But both Gypsies and Jews, including the Jews who now defend their state, have a long history of subjection to discriminatory laws, marking, killing, deportation and resettlement and exterminatory or genocidal measures – particularly, in the case of Gypsies, sterilisation and adoption – in other words, hatred.
After the Holocaust the UN ratified a state for Jews – Israel. Gypsies do not have a national home. If Russian popular antisemitism becomes unfightable, Russia’s Jews will have a place to go. Russian’s Gypsies will have to fend for themselves.
The inability (where it had the will – and there are voices speaking out for Gypsies in Italy and in the U.N.) of the left to resist the fascist assaults on the rights and dignities of the Jews and Gypsies of Europe (and you could also mention the Bosnian Muslims and the Kosovar Albanians) is a testament to the advantages of self-determination and self-defence.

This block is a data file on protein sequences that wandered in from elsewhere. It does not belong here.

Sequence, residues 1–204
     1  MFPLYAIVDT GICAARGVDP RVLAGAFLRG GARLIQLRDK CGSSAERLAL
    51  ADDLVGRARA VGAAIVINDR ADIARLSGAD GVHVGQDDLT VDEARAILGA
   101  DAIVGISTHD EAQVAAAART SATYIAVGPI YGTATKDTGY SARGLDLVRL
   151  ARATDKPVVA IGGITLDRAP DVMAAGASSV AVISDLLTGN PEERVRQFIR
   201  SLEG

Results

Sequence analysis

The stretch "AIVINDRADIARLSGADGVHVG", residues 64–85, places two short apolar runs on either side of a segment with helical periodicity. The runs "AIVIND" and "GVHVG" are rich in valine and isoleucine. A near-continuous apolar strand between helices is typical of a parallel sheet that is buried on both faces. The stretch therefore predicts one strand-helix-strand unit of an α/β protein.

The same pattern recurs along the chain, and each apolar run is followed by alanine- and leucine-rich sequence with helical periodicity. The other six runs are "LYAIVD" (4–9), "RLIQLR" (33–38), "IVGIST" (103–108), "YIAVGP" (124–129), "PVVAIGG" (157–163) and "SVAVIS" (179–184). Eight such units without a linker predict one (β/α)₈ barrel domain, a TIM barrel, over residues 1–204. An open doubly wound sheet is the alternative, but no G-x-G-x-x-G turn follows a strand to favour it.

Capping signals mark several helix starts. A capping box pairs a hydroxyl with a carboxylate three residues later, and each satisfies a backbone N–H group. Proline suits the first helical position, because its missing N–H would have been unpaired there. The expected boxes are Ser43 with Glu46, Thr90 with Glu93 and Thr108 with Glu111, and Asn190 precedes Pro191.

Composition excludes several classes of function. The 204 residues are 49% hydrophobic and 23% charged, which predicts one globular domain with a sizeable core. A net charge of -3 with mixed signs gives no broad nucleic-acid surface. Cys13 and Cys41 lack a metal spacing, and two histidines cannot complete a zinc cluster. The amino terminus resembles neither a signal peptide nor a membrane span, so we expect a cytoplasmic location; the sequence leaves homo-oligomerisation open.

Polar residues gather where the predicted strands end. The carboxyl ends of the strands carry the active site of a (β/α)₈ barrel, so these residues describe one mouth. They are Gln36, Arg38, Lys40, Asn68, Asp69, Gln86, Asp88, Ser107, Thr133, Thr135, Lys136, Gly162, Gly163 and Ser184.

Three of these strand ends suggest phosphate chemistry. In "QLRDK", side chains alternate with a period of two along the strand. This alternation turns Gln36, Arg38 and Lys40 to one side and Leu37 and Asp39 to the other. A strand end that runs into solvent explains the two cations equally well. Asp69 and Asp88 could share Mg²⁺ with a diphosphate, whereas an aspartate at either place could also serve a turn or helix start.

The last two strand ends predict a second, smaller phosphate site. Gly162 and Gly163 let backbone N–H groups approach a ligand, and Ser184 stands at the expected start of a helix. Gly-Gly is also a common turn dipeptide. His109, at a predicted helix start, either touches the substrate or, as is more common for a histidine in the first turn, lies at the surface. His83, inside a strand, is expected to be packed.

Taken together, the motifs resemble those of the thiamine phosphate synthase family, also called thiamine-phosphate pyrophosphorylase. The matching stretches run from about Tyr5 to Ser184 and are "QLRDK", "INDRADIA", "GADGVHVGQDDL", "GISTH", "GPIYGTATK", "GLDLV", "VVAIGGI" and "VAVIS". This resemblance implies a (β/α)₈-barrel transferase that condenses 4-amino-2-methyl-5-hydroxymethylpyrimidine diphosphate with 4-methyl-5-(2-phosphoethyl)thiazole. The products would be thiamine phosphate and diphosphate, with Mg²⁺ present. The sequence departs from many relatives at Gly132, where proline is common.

And yet there is this anti-Israel campaign. The Palestine Solidarity movement is burgeoning. It is teeming with activity. And it is a barely-disguised, and for some un-self-aware, movement whose logic is the cancellation of the world’s only Jewish state, on the premise that smashing Israel as if it were an imperialist bridgehead is the only just resolution for Palestinians.
Gypsies are not the notional target of Imperialist aggression, and therefore the organised left – the left which scrutinises the Israeli economy, follows the nutritional status of Gazans, shrieks about Israeli atrocities real and fictional alike – is unmoved or perhaps even bored by the persecution of Gypsies.
That is one answer to why there’s no International Solidarity Movement for Gypsies.
Disgusting, isn’t it.